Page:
The road to real estate success isn’t always smooth. When we fall on our knees, it can be hard to get back up again sometimes. But the results can be rewarding if we learn from these experiences. In this episode, Jess McVey shares the ups and downs of her real estate story. Jess started buying rentals when she was young. And then she made mistakes when the market crashed. Although Jess started to back up a bit, that was not to be the end of her journey. Now, she has reached the success she worked hard for. Tune in to this inspiring episode and see how she was able to find success as a real estate investor. Plus, learn why keeping your job while doing real estate makes sense and why it might be the perfect advice for you!
I am excited to welcome to the show Jess McVey. She is from Northwest Indiana. She started by buying rentals when she was in her early twenties and started flipping shortly thereafter. She made some mistakes when the 2007 and 2008 markets crashed. She took a break for about seven years and started back up, flipping in 2015. She started a wholesaling business in 2021. She’s done a lot of stuff. Welcome to this show.
Thank you for having me.
I’m delighted to have you. I want to let you know how I know Jess. I hope you’re going to talk a little bit about this. She was a student of Zack Boothe. When I asked Zack about his successful ladies and the people that he feels proud of, he mentioned Jess. I’m excited to talk to her all about what her journey has been. I know I read your bio, but could you give us a high-level story? What happened?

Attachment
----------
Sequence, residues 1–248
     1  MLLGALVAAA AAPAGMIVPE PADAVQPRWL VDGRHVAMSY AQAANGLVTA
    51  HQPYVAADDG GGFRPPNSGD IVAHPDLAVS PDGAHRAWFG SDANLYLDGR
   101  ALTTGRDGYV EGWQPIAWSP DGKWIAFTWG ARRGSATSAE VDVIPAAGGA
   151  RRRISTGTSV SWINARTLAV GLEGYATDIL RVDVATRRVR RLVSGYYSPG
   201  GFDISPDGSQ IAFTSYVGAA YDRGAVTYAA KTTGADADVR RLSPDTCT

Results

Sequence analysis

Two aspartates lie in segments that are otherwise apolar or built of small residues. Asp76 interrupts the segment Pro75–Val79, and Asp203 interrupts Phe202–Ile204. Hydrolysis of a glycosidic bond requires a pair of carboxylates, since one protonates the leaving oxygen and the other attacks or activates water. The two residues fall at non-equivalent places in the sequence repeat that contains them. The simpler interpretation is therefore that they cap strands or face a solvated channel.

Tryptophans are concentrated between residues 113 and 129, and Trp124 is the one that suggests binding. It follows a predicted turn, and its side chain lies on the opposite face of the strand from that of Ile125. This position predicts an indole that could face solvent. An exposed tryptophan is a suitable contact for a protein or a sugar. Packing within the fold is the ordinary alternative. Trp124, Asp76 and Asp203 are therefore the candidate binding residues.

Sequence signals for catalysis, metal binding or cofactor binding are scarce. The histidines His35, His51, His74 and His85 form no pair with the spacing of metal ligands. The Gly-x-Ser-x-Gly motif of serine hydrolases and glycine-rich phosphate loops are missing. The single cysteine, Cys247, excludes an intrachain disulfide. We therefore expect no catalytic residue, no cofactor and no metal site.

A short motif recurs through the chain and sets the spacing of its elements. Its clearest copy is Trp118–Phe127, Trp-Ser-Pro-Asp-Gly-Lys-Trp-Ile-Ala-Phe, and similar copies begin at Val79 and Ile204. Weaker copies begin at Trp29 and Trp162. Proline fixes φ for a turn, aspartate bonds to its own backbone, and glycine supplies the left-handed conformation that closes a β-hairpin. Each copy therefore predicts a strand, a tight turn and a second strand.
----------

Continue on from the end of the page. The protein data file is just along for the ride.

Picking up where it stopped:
It all started when I was in college. I was good at school. I never felt right. I was doing well at a job that I had besides going to school. I was looking for something that was going to allow me to retire early. I was already thinking about retirement at nineteen. I know those kids don’t do that. Yeah. You were the rare exception.
I started investing in the stock market in 2000. The tech market dropped and I did badly in the stocks. I started looking at real estate. I started liking what I was reading. I could see myself doing it. I had more control over the investments. I called my dad. I said, “Dad, I’m coming home from college.” He’s like, “Why?” I’m like, “I want to buy rentals. I want to be a landlord?” He’s like, “You don’t know anything about fixing anything?” I’m like, “Yes, but I’ll learn.”
I came home. He helped me move home. Several months later, I bought my first property. After that, I bought eight in several years. As I learned, I took care of all those properties. I’ve managed all of them. I’ve rented them out, did the repairs, hired people if I had to, and I also started flipping. I did a couple of flips. Fast forward from 2006 to 2007, it started getting bad in the real estate market. People started seeing signs that there was going to be a collapse, and it did. I did make some mistakes but reiterated. A lot of people did. I should have been that hard on myself.
It was way more experience investors than me that lost everything they ever worked for in real estate. I had been doing a couple of years in Boston rentals and a couple of flips, but it was hard on myself. I backed away from it. I kept my properties. I hired a property manager. I went to Chicago and lived. I was 28 at the time, still passive investing, taking care of my properties, but I always wanted to get back into it. I was hard on myself, but I never forgot what I wanted to do.
In 2015, I had an opportunity to flip a house. I did it. I was my uncle’s neighbor. My uncle told me about it. I approached them. They let me buy the property. That set me off, and I did 2 or 3 a year because I still had a small child, a daughter. I wanted to be a full-time mom. She went to school in 2021 full-time. That’s when I took it up a notch.
I was doing 2 to 3 properties, flipping a couple of rentals, 15, 16, 17, 18, and 19, but as of 21, when I added wholesaling marketing, I did twenty. 20 April of 2020 until 20 April 2022, twenty deals. From April until May 2022, I had 10, but I had to cancel 2. I got eight in the pipeline at some point. Either I own them, I’m getting ready to close, or I’ve already closed them. It’s for 2 or 3 months. It’s pretty good.